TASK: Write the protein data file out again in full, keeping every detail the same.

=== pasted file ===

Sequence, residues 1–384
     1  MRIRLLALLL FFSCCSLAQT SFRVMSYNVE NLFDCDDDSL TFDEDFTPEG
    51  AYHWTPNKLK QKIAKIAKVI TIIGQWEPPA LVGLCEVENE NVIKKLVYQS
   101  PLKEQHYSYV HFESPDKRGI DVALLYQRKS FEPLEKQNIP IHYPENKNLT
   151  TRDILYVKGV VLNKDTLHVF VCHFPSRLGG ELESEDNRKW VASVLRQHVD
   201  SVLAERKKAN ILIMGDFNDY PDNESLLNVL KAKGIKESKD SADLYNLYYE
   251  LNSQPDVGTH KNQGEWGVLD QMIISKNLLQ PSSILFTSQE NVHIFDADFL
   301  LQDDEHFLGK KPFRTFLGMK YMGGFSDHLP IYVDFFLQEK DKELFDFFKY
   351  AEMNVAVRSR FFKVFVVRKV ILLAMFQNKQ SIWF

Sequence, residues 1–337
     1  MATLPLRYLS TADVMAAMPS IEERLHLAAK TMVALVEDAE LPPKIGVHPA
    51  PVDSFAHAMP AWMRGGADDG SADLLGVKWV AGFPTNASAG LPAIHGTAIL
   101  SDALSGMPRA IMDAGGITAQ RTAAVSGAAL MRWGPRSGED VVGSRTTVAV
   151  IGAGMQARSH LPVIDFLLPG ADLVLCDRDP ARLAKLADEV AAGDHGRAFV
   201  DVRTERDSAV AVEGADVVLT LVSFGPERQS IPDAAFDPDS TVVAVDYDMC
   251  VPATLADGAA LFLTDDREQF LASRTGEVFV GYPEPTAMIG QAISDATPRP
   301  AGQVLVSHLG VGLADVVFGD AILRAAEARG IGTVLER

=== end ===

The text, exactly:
Sequence, residues 1–384
     1  MRIRLLALLL FFSCCSLAQT SFRVMSYNVE NLFDCDDDSL TFDEDFTPEG
    51  AYHWTPNKLK QKIAKIAKVI TIIGQWEPPA LVGLCEVENE NVIKKLVYQS
   101  PLKEQHYSYV HFESPDKRGI DVALLYQRKS FEPLEKQNIP IHYPENKNLT
   151  TRDILYVKGV VLNKDTLHVF VCHFPSRLGG ELESEDNRKW VASVLRQHVD
   201  SVLAERKKAN ILIMGDFNDY PDNESLLNVL KAKGIKESKD SADLYNLYYE
   251  LNSQPDVGTH KNQGEWGVLD QMIISKNLLQ PSSILFTSQE NVHIFDADFL
   301  LQDDEHFLGK KPFRTFLGMK YMGGFSDHLP IYVDFFLQEK DKELFDFFKY
   351  AEMNVAVRSR FFKVFVVRKV ILLAMFQNKQ SIWF

Sequence, residues 1–337
     1  MATLPLRYLS TADVMAAMPS IEERLHLAAK TMVALVEDAE LPPKIGVHPA
    51  PVDSFAHAMP AWMRGGADDG SADLLGVKWV AGFPTNASAG LPAIHGTAIL
   101  SDALSGMPRA IMDAGGITAQ RTAAVSGAAL MRWGPRSGED VVGSRTTVAV
   151  IGAGMQARSH LPVIDFLLPG ADLVLCDRDP ARLAKLADEV AAGDHGRAFV
   201  DVRTERDSAV AVEGADVVLT LVSFGPERQS IPDAAFDPDS TVVAVDYDMC
   251  VPATLADGAA LFLTDDREQF LASRTGEVFV GYPEPTAMIG QAISDATPRP
   301  AGQVLVSHLG VGLADVVFGD AILRAAEARG IGTVLER